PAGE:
5. The First And Foremost Submission Made By The Learned Counsel For The Appellant Was That The Appeal Is Not Likely To Be Heard In The Next Hundred Years And Hence Merely On This Ground, The Appellant Should Be Granted Bail In This Case, Because There Is No Chance Of The Appeal Being Heard In His Life Time And Hence He Cannot Be Detained In Jail Till His Death. In Support Of This Submission, The Learned Counsel Has Placed Reliance On Babu Singh And Others Vs. State Of U.P. AIR 1978 SC 527 And Kashmira Singh Vs. State Of Punjab AIR 1977 SC 2147. The Contention Of Sri V.P. Srivastava, Learned Counsel For The Appellant, Was That About 70,000 Criminal Appeals Are Pending In This High Court And At The Present Rate Of Disposal Of Appeals, The Turn Of This Appeal For Hearing Would Come After More Than 100 Years. We Are Not Impressed With This Contention Of Learned Counsel For The Appellant. Although, It Is True That Large Number Of Criminal Appeals Are Pending For Disposal, But We Still Have Hope That The Appeals Of The Accused, Who Are Languishing In Jail For More Than 5 Years May Be Heard Expeditiously, Provided The Members Of Bar Cooperate With The Benches In Hearing Of The Appeals.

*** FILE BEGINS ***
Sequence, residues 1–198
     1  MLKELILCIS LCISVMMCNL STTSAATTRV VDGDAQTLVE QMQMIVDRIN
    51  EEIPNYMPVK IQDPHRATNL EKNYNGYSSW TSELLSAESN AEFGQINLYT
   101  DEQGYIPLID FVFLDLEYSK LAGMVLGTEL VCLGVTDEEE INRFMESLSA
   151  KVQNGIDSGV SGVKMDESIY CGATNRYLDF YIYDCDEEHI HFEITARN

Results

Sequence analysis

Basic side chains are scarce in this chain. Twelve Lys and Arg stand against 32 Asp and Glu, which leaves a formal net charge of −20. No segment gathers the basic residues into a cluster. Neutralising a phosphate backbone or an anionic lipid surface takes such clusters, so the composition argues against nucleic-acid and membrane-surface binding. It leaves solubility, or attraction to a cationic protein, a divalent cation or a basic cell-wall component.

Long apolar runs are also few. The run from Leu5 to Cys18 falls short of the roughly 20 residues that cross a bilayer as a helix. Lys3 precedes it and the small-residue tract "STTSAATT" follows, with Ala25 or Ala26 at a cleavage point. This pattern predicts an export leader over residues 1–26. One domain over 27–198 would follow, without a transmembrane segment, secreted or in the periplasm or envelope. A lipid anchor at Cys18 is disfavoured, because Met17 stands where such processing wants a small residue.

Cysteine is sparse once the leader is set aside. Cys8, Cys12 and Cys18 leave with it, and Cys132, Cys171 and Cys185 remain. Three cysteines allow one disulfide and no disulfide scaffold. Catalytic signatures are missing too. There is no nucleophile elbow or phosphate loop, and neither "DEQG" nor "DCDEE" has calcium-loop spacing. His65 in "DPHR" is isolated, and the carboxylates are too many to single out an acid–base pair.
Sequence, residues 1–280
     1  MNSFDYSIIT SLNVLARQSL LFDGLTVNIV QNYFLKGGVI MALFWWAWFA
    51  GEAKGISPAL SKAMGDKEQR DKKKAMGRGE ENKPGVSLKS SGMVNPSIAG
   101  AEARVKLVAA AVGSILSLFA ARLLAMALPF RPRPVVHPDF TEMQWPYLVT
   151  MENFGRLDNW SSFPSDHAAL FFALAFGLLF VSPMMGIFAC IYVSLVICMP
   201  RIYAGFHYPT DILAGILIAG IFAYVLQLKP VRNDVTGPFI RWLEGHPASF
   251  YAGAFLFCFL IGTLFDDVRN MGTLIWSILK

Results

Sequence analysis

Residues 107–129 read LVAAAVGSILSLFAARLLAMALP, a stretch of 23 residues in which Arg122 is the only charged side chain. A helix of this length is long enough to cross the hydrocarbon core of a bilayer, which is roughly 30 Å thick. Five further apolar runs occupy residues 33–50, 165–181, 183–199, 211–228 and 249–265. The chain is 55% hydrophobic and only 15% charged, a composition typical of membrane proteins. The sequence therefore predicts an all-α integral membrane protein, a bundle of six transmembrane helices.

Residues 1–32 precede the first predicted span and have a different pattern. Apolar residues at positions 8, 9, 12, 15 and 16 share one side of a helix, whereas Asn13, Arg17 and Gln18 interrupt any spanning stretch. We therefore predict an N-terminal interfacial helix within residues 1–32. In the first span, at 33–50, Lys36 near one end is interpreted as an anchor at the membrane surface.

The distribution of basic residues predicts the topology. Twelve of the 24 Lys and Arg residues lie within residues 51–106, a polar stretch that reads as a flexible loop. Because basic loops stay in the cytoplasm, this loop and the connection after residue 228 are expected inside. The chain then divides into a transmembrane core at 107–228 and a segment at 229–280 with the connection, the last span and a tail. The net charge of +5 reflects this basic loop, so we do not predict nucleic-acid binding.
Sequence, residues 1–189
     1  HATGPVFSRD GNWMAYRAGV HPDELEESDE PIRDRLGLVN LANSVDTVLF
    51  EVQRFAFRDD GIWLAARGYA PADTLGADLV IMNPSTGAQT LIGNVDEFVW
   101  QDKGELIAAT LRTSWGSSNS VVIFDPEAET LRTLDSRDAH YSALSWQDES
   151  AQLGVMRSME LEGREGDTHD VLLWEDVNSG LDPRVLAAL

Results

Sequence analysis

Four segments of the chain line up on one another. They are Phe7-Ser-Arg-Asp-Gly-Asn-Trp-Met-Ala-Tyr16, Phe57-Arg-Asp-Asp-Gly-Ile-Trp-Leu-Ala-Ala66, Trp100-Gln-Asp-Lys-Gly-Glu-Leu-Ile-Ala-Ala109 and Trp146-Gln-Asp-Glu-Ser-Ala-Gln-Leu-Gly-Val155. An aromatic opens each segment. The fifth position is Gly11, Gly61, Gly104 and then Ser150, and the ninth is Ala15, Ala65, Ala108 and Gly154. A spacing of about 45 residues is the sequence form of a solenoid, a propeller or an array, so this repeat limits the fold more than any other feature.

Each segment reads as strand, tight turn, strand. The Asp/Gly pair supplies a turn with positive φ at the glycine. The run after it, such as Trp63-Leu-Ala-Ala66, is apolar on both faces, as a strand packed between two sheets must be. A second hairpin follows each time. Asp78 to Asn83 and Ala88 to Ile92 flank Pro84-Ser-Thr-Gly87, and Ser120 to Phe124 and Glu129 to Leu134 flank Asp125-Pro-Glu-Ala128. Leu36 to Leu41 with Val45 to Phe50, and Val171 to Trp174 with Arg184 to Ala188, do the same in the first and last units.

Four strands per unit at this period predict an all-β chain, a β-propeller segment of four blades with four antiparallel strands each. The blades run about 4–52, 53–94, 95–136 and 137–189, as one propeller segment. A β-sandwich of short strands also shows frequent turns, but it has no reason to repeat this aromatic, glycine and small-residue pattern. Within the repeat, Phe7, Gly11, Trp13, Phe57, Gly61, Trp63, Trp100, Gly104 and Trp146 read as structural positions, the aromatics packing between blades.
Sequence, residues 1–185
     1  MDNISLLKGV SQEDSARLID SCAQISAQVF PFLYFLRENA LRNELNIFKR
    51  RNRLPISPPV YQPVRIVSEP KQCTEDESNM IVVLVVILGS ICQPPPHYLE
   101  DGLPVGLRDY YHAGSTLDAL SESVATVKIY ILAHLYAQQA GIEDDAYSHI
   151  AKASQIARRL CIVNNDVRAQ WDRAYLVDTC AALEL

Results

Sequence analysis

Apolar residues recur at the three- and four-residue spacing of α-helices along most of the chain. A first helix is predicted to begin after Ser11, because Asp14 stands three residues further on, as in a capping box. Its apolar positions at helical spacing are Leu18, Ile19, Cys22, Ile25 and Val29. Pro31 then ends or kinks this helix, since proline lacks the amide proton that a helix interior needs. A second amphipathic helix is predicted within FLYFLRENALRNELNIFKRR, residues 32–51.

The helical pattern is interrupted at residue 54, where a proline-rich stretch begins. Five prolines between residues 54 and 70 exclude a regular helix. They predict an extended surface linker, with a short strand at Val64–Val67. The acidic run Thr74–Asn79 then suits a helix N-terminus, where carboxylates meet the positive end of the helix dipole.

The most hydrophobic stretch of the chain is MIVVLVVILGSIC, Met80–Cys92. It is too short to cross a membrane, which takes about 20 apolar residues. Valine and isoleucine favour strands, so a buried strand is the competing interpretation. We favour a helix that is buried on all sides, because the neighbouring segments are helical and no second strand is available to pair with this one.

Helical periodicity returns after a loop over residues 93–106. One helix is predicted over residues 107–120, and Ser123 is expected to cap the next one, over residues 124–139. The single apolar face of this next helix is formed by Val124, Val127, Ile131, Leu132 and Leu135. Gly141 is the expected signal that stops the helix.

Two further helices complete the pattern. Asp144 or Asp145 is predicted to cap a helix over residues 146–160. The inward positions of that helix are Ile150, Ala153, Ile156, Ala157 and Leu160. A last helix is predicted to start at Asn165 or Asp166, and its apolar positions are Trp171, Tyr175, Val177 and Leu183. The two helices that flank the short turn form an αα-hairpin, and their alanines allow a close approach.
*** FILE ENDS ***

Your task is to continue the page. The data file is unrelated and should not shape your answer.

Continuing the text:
6. While Granting Bail In A Pending Appeal In The Case Of Smt. Akhtari Bi Vs. State Of M.P. JT 2001 (4) SC 40, The Hon'ble Apex Court Observed That "it Is Incumbent Upon The High Courts To Find Ways And Means By Taking Steps To Ensure The Disposal Of Criminal Appeals, Particularly Such Appeals Where The Accused Are In Jail, That The Matters Are Disposed Of Within The Specified Period Not Exceeding 5 Years In Any Case. Regular Benches To Deal With The Criminal Cases Can Be Set Up, Where Such Appeals Be Listed For Final Disposal". The Hon'ble Apex Court Made The Following Further Observations:-
"We Feel That If An Appeal Is Not Disposed Of Within The Aforesaid Period Of 5 Years, For No Fault Of The Convicts, Such Convicts May Be Released On Bail On Such Conditions As May Be Deemed Fit And Proper By The Court. In Computing The Period Of 5 Years, The Delay For Any Period, Which Is Requisite In Preparation Of The Record And The Delay Attributable To The Convict Or His Counsel Can Be Deducted."

It Is Further Held By The Apex Court That:-

"There May Be Cases Where Even After The Lapse Of 5 Years, The Convicts May, Under The Special Circumstances Of The Case, Be Held Not Entitled To Bail Pending The Disposal Of The Appeals Filed By Them"

After Making Aforesaid Observations, The Hon'ble Apex Court Has Further Said As Under:-

"We Request The Chief Justices Of The High Courts, Where The Criminal Cases Are Pending For More Than 5 Years To Take Immediate Effective Steps For Their Disposal By Constituting Regular And Special Benches For That Purpose."